Cookers: All burners and electric elements of the
cooker may be used indiscriminately for dairy and meat, since spills are
incinerated. Nevertheless, some keep separate burners for dairy and meat.
The areas between the burners are prone to both meat and dairy spills and
splatters, it is prudent to avoid putting food down or salvaging spills
from these areas.
Ovens: We must define two distinct processes
performed in an oven which are very different in the eyes of Halacha;
Cooking; Zeiah, a large amount of steam connects the food to and imbues its flavour in, the oven walls just as food cooked in a pot imbues its flavour into the pot.
Baking; Reycha, aroma, less intense than steam, no connection to the oven walls but may contaminate other food baking simultaneously in the oven.
Cooking: To be considered cooking, a great deal of steam must be generated. This means that there must be enough liquid added to the food so that some remains at the conclusion of the cooking. In these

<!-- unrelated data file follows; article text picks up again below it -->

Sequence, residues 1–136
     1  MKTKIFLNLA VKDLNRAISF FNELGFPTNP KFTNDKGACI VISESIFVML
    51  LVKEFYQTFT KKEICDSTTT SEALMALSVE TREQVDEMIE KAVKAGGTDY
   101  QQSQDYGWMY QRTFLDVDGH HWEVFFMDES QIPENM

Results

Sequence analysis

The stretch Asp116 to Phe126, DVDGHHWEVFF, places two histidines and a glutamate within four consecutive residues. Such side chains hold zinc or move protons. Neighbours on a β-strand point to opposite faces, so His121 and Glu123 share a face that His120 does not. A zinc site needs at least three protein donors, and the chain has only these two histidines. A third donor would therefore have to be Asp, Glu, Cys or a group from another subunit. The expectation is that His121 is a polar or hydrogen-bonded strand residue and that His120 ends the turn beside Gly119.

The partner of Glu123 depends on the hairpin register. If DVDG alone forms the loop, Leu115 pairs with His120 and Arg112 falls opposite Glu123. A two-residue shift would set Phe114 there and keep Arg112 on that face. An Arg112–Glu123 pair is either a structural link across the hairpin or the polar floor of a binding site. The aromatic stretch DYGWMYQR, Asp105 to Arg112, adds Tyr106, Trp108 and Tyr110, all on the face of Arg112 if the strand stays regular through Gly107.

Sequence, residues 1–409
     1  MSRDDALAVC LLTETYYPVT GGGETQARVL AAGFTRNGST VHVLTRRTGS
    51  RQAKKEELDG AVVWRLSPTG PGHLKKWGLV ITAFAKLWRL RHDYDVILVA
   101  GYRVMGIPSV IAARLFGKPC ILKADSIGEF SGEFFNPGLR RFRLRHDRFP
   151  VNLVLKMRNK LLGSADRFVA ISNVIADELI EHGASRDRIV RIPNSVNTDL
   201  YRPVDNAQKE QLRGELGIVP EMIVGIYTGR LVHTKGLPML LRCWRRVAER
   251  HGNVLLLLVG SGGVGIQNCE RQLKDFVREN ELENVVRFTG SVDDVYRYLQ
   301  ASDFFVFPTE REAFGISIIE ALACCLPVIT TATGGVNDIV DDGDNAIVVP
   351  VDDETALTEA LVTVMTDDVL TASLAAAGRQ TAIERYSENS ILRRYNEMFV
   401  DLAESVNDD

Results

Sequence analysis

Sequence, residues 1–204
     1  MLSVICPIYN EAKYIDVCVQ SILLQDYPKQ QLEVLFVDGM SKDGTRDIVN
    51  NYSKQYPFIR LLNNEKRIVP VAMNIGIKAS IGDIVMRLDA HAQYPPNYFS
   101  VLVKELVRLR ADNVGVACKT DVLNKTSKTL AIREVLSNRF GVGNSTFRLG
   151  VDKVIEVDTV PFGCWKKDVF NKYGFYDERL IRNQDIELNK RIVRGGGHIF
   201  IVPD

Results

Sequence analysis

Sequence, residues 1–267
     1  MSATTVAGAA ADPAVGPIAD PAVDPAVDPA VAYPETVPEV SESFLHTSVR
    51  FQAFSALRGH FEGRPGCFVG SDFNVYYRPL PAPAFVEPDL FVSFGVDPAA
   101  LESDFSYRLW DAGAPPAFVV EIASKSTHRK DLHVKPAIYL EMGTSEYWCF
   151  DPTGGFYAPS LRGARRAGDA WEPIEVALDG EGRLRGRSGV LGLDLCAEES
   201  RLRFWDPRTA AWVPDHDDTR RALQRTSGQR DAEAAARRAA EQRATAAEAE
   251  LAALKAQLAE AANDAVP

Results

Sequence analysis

matters, oil is not considered a liquid, neither are the liquids exuded from
the food being cooked.
Baking: Baking is a process that does not produce much steam. To be considered baking there must be insufficient added liquids so that at the conclusion of baking, no liquid remains. The liquid has either evaporated or been absorbed into the food. Cakes and lasagna are baked since at the conclusion of their baking all the added liquid has been absorbed.
Meaty or Dairy Ovens. Using an
oven to cook means that a great deal of steam is generated, and will render the oven itself either meaty or dairy, according to the food that was cooked in it. The heavy steam conducts the food flavour into the walls of the oven, just as a pot
absorbs the flavour of the foods cooked in it. If this steam is somewhat mitigated, for example by covering the food, the food's flavour will not be conducted into the oven walls. This cover need not prevent all the steam escaping.
Once the oven becomes dairy or meaty, it remains
so and foods of the opposite type must not be cooked but may be baked, in that oven. Cooking will connect the dairy food to the meaty oven walls. Covered food may even be cooked in that oven since there will be no connection between the food and the oven walls. For example, after cooking a meat roast, a covered milk pudding or an uncovered cheese cake may be baked in the same oven in spite of any
lingering meaty odour [GRA Sh”O Y”D 108:17], provided the oven is clear of actual meaty residue.
Simultaneous cooking or even baking of dairy